Keep feeding times and other routines consistent.
As pets get older, they often lose the ability to regulate their own body temperature. This means that keeping them warm at night is essential. Consider purchasing a heated blanket for your pet, especially if you live in a cold climate.
If you're not home at the same time each day or can't be there when your pet needs help getting outside to go to the bathroom, get a timed feeder for them! This gives them peace of mind knowing that their food will be available when they need it—and it reduces stress for both pet and owner. If you don't have one of these handy gadgets on hand, ask a friend or neighbor who lives nearby to come over during their workday so they can help out by filling up their kibble bowl every morning and evening!
Make changes to accommodate your pet's physical needs.
As your pet ages, it may be time to consider changes to their environment. Pets that could previously jump on the couch or climb stairs may need help getting up into those spaces. A ramp is an easy way to do this, and they can be found at most pet supply stores.
Your pet might also need help getting in and out of the car; look for a step stool that attaches to the side of your vehicle so you can get them in safely.
It's important to keep an eye out for signs of discomfort and pain as well; older pets may not show outward signs of pain or injury as readily as younger ones do (for example, they might limp instead of crying), but if you see any change in behavior it's worth making sure your vet knows about it so they can make recommendations based on how old your pet is (and what type of breed they are).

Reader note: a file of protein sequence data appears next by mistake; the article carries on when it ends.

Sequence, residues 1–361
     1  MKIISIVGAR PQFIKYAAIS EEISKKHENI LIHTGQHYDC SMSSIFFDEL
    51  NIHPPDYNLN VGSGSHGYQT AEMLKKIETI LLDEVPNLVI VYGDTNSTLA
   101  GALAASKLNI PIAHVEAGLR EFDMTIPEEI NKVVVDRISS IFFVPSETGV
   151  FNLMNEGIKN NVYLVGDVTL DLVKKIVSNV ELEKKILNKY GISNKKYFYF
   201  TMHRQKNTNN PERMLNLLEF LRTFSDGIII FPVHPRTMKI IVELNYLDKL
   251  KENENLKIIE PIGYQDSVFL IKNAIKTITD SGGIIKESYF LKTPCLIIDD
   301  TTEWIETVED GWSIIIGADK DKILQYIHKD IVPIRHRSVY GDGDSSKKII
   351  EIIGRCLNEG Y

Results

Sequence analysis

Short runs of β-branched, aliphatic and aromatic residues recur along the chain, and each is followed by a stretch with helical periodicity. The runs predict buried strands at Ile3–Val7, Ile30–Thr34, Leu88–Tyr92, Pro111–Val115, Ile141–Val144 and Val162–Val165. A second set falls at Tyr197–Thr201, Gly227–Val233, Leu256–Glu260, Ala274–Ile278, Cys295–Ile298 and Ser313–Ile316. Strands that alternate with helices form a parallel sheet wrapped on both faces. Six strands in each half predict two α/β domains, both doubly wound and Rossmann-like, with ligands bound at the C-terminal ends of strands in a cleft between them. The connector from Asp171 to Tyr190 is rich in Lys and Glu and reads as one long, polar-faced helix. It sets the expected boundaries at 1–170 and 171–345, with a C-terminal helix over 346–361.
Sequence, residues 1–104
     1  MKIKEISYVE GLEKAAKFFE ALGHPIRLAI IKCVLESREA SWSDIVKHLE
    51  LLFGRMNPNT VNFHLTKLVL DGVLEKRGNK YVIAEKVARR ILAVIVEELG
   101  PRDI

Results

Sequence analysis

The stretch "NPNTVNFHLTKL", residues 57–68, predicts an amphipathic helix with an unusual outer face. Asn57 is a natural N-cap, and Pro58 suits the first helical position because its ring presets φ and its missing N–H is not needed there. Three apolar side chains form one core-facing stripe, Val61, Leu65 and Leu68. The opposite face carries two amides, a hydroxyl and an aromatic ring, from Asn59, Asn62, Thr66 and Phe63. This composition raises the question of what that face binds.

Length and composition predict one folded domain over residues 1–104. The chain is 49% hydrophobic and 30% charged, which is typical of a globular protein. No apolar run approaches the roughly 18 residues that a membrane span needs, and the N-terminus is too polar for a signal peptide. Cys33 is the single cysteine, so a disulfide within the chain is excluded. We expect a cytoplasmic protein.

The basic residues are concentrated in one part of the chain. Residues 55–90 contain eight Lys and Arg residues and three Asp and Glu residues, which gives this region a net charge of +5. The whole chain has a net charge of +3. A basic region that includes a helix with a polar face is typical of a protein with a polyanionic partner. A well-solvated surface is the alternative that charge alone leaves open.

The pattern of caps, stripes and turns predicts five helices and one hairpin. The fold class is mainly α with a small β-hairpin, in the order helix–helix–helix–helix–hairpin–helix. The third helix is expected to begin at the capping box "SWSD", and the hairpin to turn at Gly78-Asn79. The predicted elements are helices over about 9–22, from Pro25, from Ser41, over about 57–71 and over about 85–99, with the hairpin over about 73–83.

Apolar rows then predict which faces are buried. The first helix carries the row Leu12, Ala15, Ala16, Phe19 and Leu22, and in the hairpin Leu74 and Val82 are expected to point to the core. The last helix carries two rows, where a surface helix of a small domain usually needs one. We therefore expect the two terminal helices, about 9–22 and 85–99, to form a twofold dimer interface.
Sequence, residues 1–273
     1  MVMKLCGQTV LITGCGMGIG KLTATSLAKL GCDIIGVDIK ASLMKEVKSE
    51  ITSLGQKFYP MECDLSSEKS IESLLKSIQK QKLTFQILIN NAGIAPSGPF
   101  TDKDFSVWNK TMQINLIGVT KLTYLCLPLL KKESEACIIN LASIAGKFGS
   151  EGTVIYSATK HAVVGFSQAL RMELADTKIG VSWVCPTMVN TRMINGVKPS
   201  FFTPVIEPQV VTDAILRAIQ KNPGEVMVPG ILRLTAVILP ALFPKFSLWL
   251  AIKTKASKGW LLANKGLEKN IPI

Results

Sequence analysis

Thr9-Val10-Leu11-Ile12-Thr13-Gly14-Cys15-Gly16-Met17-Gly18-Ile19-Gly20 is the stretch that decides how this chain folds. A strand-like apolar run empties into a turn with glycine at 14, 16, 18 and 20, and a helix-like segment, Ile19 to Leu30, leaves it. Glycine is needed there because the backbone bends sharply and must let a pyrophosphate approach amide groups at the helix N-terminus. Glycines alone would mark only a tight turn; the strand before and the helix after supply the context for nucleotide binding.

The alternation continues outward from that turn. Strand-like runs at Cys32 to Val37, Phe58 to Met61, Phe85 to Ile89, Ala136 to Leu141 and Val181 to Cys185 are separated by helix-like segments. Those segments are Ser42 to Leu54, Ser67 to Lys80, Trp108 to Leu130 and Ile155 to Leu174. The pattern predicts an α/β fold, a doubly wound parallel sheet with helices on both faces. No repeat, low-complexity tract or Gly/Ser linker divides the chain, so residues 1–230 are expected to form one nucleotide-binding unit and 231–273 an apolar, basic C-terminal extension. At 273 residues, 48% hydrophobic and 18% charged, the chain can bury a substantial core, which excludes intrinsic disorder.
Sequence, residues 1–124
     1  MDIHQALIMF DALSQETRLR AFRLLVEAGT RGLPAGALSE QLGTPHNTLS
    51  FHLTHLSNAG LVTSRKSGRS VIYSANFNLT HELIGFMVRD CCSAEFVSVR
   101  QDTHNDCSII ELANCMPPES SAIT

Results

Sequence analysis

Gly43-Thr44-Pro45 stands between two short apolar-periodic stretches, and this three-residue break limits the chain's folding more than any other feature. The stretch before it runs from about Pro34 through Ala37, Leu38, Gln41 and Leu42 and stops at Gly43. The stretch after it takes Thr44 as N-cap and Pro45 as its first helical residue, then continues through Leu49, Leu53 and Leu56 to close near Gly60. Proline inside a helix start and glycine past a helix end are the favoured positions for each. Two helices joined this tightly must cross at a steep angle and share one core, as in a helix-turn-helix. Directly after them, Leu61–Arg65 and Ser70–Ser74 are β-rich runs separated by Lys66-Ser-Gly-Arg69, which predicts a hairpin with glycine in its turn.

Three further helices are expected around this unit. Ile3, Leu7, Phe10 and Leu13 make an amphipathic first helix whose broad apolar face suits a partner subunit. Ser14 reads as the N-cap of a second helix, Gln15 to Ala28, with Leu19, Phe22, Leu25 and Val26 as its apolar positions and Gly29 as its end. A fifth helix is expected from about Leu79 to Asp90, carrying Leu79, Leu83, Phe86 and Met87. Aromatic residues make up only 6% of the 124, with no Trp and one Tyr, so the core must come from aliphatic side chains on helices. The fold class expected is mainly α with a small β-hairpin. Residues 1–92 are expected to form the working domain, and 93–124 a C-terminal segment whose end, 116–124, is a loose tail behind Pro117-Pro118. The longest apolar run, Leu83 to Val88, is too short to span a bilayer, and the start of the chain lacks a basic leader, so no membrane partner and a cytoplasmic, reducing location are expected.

Finally, as with humans who are older than 65 years old, frequent vet visits become more important over time due to conditions such as dementia becoming more common after this age threshold has been reached
Young pets can be hard on older ones, so make sure both are getting the attention they need.
As you begin to notice that your cat or dog is aging, it's important to make sure they're getting the attention they need. This can be more difficult when you have a younger pet as well, but it's important that both are getting the love and care they deserve.
It's also important not to forget about yourself as a pet owner! As your pet ages, so will their health needs. Make sure you're keeping tabs on things like their weight and how much water they drink each day (you may want to invest in a scale for this). If your aging dog seems weak or out of breath after taking them for a walk around the block, then it might be time for a trip to the vet!
Find activities your pet will enjoy as they get older.
As your pet ages, it is important to keep them active and engaged. The best way to do this is by finding activities that they enjoy. Some pets love playing with their food or toys, while other cats may prefer a game of tag or hide-and-seek. If you have more than one cat in the home, it’s a good idea to rotate between which toys are available so that every cat gets their turn at playing with them.
If your pet has pain as they get older, it may be advised that certain types of activities be avoided due to joint issues or other health concerns. Talk to your vet if you have any questions about what type of playtime is right for them! It’s important not just for physical health but mental well being too!
Older pets need more vet visits, not less.